BACKGROUND/METHODS: Chagas disease is caused by an intracellular parasite, Trypanosoma cruzi, and it is a leading cause of heart failure in Latin America. The main clinical consequence of the infection is the development of a Chronic Chagas disease Cardiomyopathy (CCC), which is characterized by myocarditis, hypertrophy and fibrosis and affects about 30% of infected patients. CCC has a worse prognosis than other cardiomyopathies, like idiopathic dilated cardiomyopathy (DCM). It is well established that myocardial gene expression patterns are altered in CCC, but the molecular mechanisms underlying these differences are not clear. MicroRNAs are recently discovered regulators of gene expression, and are recognized as important factors in heart development and cardiovascular disorders (CD). We analyzed the expression of nine different miRNAs in myocardial tissue samples of CCC patients in comparison to DCM patients and samples from heart transplant donors. Using the results of a cDNA microarray database on CCC and DCM myocardium, signaling networks were built and nodal molecules were identified. RESULTS: We observed that five miRNAs were significantly altered in CCC and three in DCM; importantly, three miRNAs were significantly reduced in CCC as compared to DCM. We observed that multiple gene targets of the differentially expressed miRNAs showed a concordant inverse expression in CCC. Significantly, most gene targets and involved networks belong to crucial disease-related signaling pathways. CONCLUSION: These results suggest that miRNAs may play a major role in the regulation of gene expression in CCC pathogenesis, with potential implication as diagnostic and prognostic tools.


Assuntos
Cardiomiopatia Chagásica/metabolismo , MicroRNAs/biossíntese , Adolescente , Adulto , Biomarcadores/metabolismo , Cardiomiopatia Chagásica/diagnóstico , Cardiomiopatia Chagásica/genética , Doença Crônica , Feminino , Redes Reguladoras de Genes/fisiologia , Humanos , Masculino , MicroRNAs/genética , Pessoa de Meia-Idade , Miocárdio/metabolismo , Miocárdio/patologia , Adulto Jovem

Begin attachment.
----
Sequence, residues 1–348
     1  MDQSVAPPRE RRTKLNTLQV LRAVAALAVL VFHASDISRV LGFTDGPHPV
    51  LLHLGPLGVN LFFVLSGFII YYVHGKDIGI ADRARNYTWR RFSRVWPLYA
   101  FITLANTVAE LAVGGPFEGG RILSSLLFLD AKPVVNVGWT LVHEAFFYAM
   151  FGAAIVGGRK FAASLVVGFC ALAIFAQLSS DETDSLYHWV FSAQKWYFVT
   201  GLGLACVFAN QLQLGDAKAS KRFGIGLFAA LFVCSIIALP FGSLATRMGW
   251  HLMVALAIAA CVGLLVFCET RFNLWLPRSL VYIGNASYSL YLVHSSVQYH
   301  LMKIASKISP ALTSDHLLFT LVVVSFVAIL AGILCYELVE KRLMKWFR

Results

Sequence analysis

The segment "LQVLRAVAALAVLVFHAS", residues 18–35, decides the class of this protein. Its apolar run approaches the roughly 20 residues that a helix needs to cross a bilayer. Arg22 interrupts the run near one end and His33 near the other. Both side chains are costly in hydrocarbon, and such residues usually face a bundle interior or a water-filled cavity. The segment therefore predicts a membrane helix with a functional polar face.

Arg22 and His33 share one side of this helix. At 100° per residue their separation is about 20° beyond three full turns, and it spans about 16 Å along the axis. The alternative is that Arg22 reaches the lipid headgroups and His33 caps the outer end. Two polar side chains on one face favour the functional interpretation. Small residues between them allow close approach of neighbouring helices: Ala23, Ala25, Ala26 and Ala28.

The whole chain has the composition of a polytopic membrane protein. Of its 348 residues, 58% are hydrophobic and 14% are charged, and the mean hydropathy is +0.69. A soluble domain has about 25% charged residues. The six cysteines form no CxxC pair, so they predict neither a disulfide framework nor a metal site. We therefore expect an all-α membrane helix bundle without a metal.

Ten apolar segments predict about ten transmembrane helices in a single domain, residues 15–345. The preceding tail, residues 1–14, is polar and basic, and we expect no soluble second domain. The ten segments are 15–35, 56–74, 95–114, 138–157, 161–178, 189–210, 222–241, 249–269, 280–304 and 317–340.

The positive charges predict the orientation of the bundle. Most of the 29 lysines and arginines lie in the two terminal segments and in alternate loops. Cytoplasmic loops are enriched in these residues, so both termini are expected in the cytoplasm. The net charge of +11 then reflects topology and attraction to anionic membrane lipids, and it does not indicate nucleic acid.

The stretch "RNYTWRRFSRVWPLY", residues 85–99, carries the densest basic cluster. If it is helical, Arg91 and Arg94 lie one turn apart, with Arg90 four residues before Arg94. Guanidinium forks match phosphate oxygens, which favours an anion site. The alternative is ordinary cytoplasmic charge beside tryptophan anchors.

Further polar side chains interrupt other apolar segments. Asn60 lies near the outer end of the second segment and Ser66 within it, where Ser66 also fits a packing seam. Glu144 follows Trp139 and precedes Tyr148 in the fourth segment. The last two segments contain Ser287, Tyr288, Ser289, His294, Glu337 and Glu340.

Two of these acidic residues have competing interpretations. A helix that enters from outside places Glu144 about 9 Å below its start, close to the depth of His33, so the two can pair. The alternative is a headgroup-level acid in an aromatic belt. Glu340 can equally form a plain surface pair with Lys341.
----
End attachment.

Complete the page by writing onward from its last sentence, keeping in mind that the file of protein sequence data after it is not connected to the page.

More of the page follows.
14.
PLoS One ; 8(12): e83446, 2013.
Artigo em Inglês | MEDLINE | ID: mdl-24367596

RESUMO

AIMS: Chagas disease, caused by the protozoan Trypanosoma cruzi is endemic in Latin America, and may lead to a life-threatening inflammatory dilated, chronic Chagas cardiomyopathy (CCC). One third of T. cruzi-infected individuals progress to CCC while the others remain asymptomatic (ASY). A possible genetic component to disease progression was suggested by familial aggregation of cases and the association of markers of innate and adaptive immunity genes with CCC development. Since mutations in multiple sarcomeric genes, including alpha-cardiac actin (ACTC1) have been involved in hereditary dilated cardiomyopathy, we investigated the involvement of the ACTC1 gene in CCC pathogenesis. METHODS AND RESULTS: We conducted a proteomic and genetic study on a Brazilian study population. The genetic study was done on a main cohort including 118 seropositive asymptomatic subjects and 315 cases and the replication was done on 36 asymptomatic and 102 CCC cases. ACTC1 protein and mRNA levels were lower in myocardial tissue from patients with end-stage CCC than those found in hearts from organ donors. Genotyping a case-control cohort of CCC and ASY subjects for all informative single nucleotide polymorphism (SNP) in the ACTC1 gene identified rs640249 SNP, located at the 5' region, as associated to CCC. Associations are borderline after correction for multiple testing. Correlation and haplotype analysis led to the identification of a susceptibility haplotype. Functional assays have shown that the rs640249A/C polymorphism affects the binding of transcriptional factors in the promoter regions of the ACTC1 gene. Confirmation of the detected association on a larger independent replication cohort will be useful. CONCLUSIONS: Genetic variations at the ACTC1 gene may contribute to progression to chronic Chagas Cardiomyopathy among T. cruzi-infected patients, possibly by modulating transcription factor binding to ACTC1 promoter regions.